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  Environmental control of dendritic cell activation and function during pulmonary type 2 inflammation

   Faculty of Biology, Medicine and Health

  ,  Applications accepted all year round  Self-Funded PhD Students Only

About the Project

Type 2 inflammation is a defining feature of infection with parasitic worms (helminths), as well as being responsible for widespread suffering in allergies. Although both of these conditions exert a devastating global impact and lack effective vaccines or refined therapeutics, basic knowledge of the key cell types and mediators that control Type 2 immunity and inflammation is currently limited. Dendritic cells (DCs) are a highly specialised type of antigen presenting cell that can potently activate T cells and coordinate immune responses. However, surprisingly little is known about how DCs are activated and function in tissues such as the lung during Type 2 inflammation.

This project will address the key question of how the lung environment modulates the ability of DCs to activate and direct Type 2 inflammation. The focus of the project will be the helminth Schistosoma mansoni, the immune response to which is strongly Type 2 biased and intimately involved in the pathology that accompanies infection. Schistosomiasis is second only to malaria in terms of the number of deaths caused annually by a parasitic disease. However, the key cellular and molecular networks that comprise immunity, inflammation and tissue repair against invading larval schistosomes are still unclear, particularly in the lung. Central to the project will be use of murine models to delineate the role of the lung environment (including surfactant and mucus) in controlling pulmonary DC activation and function in response to lung stage S. mansoni, with complementary work using allergens such as house dust mite.

This project will reveal exciting new information about the core mechanisms involved in coordination of pulmonary Type 2 inflammation by DCs, which may help future design of innovative therapies and vaccines for both helminth infection and allergies.

Training/techniques to be provided:

The successful candidate will receive training in a range of cutting-edge immunological techniques used in the MacDonald and Allen labs, including multi-parameter flow cytometry and mass cytometry (CyTOF), as well as gaining significant experience in in vivo models of inflammation, infection and allergy. Additional approaches such as refined isolation of immune cells from tissues, quantitative PCR, confocal microscopy and ELISA will also be used to define the activation and function of pulmonary DCs ex vivo and in vitro.

Entry Requirements

Candidates are expected to hold (or be about to obtain) a minimum upper second class honours degree (or equivalent) in Immunology or a closely related area/subject. Candidates with experience in cellular immunology or with an interest in mechanistic understanding of inflammation during helminth infection and/or allergic disease are encouraged to apply.

How To Apply

For information on how to apply for this project, please visit the Faculty of Biology, Medicine and Health Doctoral Academy website ( Informal enquiries may be made directly to the primary supervisor. On the online application form select the appropriate subject title.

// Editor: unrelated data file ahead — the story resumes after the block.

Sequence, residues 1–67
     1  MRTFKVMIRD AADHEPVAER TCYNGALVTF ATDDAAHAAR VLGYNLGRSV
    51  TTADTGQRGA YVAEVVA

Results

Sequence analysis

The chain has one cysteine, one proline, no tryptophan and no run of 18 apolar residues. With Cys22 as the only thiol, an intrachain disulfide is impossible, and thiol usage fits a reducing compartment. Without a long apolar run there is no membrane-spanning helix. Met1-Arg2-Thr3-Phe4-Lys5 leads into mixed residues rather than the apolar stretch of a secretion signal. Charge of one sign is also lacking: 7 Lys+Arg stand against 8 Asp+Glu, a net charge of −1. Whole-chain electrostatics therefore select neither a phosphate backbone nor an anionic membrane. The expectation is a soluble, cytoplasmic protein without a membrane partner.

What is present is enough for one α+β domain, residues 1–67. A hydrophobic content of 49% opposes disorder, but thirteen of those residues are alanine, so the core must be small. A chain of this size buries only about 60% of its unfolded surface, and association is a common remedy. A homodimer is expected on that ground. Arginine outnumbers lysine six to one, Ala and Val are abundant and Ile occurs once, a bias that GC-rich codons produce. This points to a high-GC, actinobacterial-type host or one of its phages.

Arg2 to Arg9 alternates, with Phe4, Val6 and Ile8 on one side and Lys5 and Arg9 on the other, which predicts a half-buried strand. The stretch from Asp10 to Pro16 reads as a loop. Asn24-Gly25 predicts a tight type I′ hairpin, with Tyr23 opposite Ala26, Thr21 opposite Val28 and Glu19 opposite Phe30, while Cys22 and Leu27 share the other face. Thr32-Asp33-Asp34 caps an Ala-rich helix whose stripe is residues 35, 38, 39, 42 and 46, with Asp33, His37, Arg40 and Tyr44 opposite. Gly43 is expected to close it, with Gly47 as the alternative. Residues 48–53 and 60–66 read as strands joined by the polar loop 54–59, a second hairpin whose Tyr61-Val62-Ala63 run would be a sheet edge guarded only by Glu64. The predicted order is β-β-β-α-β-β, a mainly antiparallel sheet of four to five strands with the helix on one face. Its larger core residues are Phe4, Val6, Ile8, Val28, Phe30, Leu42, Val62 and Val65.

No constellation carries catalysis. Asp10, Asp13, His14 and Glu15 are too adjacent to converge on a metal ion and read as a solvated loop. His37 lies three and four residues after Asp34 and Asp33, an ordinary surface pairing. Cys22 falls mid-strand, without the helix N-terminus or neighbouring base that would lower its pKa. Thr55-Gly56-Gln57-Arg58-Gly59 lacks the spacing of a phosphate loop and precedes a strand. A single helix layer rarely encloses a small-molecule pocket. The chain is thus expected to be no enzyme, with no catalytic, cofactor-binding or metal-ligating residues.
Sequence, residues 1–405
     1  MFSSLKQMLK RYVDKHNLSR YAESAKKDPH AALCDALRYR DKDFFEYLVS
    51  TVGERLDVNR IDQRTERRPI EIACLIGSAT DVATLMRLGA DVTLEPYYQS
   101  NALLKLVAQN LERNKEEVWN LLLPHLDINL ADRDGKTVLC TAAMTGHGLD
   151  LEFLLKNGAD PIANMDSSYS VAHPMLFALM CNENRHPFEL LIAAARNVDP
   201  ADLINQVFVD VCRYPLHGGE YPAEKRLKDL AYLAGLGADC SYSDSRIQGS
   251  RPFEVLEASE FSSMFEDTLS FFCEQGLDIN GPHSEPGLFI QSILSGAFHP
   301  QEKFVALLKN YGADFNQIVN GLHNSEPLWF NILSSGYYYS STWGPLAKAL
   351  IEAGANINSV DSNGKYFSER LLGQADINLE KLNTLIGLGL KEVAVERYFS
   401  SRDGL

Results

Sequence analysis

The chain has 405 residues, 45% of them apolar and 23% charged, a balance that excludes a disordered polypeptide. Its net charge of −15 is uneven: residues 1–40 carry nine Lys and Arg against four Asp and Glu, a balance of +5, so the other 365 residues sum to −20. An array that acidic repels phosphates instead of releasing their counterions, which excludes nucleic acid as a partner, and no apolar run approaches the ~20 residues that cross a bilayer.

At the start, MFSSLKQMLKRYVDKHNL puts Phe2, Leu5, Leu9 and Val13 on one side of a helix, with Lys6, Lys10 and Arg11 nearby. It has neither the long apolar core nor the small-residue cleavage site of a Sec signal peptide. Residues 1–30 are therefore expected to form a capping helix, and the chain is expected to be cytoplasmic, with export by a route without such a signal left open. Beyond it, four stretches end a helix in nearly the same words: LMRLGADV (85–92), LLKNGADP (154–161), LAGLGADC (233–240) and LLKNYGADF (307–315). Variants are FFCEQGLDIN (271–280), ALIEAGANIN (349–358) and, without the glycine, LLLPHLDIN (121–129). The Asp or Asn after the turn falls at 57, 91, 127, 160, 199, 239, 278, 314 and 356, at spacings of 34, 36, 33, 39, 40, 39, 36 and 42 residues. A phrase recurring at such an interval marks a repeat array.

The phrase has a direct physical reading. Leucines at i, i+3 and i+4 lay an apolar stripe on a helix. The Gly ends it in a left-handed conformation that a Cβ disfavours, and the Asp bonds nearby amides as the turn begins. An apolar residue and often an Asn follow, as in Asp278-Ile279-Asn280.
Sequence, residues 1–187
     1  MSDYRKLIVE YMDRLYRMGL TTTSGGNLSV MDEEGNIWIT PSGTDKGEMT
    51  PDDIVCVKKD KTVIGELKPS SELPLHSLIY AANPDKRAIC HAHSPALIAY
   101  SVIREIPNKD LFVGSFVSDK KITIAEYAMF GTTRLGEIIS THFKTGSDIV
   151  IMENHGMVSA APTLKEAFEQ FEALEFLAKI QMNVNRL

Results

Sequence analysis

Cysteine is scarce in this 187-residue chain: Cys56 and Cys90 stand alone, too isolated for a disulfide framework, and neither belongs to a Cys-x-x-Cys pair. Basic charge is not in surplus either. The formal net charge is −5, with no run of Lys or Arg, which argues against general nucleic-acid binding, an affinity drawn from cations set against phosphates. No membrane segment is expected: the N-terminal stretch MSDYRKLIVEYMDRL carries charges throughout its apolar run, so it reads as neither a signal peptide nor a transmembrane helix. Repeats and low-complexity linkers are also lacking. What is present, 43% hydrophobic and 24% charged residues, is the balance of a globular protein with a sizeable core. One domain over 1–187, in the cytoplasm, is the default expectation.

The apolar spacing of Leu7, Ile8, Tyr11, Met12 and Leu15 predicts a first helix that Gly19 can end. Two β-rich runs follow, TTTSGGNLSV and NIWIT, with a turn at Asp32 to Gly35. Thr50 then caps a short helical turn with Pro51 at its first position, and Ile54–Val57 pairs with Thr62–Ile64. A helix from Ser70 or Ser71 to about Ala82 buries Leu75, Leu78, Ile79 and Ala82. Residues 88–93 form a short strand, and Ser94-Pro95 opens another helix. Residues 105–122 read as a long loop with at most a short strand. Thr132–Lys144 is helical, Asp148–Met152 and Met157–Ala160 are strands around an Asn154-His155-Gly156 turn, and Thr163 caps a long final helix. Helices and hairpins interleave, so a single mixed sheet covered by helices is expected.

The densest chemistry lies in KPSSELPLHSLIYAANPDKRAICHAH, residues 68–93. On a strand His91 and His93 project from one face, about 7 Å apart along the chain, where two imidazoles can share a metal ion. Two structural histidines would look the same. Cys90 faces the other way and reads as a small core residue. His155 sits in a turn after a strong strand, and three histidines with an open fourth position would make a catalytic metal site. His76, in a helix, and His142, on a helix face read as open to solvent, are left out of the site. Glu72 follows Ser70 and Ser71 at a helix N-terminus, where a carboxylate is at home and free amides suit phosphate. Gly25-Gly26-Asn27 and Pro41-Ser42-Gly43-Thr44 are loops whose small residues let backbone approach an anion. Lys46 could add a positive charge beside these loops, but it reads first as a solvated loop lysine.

For international students, we also offer a unique 4 year PhD programme that gives you the opportunity to undertake an accredited Teaching Certificate whilst carrying out an independent research project across a range of biological, medical and health sciences.

Equality, Diversity and Inclusion

Equality, diversity and inclusion is fundamental to the success of The University of Manchester, and is at the heart of all of our activities. The full Equality, diversity and inclusion statement can be found on the website”

Biological Sciences (4)

Funding Notes

Applications are invited from self-funded students. This project has a Band 3 fee. Details of our different fee bands can be found on our website (View Website).


Freya R. Svedberg, Sheila L. Brown…, Peter C. Cook and Andrew S. MacDonald. The lung environment controls alveolar macrophage metabolism and responsiveness during type-2 inflammation. 2019. Nature Immunology. 20:571-580

Lauren M. Webb, Rachel J. Lundie, Jessica G. Borger, Sheila L. Brown, Lisa M. Connor, Adam N. R. Cartwright, Annette M. Dougall, Ruud H.P. Wilbers, Peter C. Cook, Lucy H. Jackson-Jones, Alexander T. Phythian-Adams, Cecilia Johansson, Daniel M. Davis, Benjamin G. Dewals, Franca Ronchese and Andrew S. MacDonald. A central role for Type I IFN in Th2 response induction by dendritic cells. 2017. EMBO Journal. 36:2404-2418

Rachel J. Lundie, Lauren M. Webb, Angela K. Marley, Alexander T. Phythian-Adams, Peter C. Cook, Lucy H. Jones, Sheila Brown, Rick M. Maizels, Louis Boon, Meredith O’Keefe and Andrew S. MacDonald. A central role for hepatic conventional dendritic cells in supporting Th2 responses during helminth infection. 2016. Immunology and Cell Biology. 94:400-410

Peter C. Cook, Heather Owen…, Adrian Bird and Andrew S. MacDonald. A dominant role for the methyl-CpG binding domain protein Mbd2 in controlling Th2 induction by dendritic cells. 2015. Nature Communications. 6: 6920

Carlos Minutti, Lucy Jackson-Jones…. Cristina Casals and Judith E. Allen. Local amplifiers of IL-4Rα-mediated macrophage activation promote repair in lung and liver. 2017. Science 356, pp. 1076-1080

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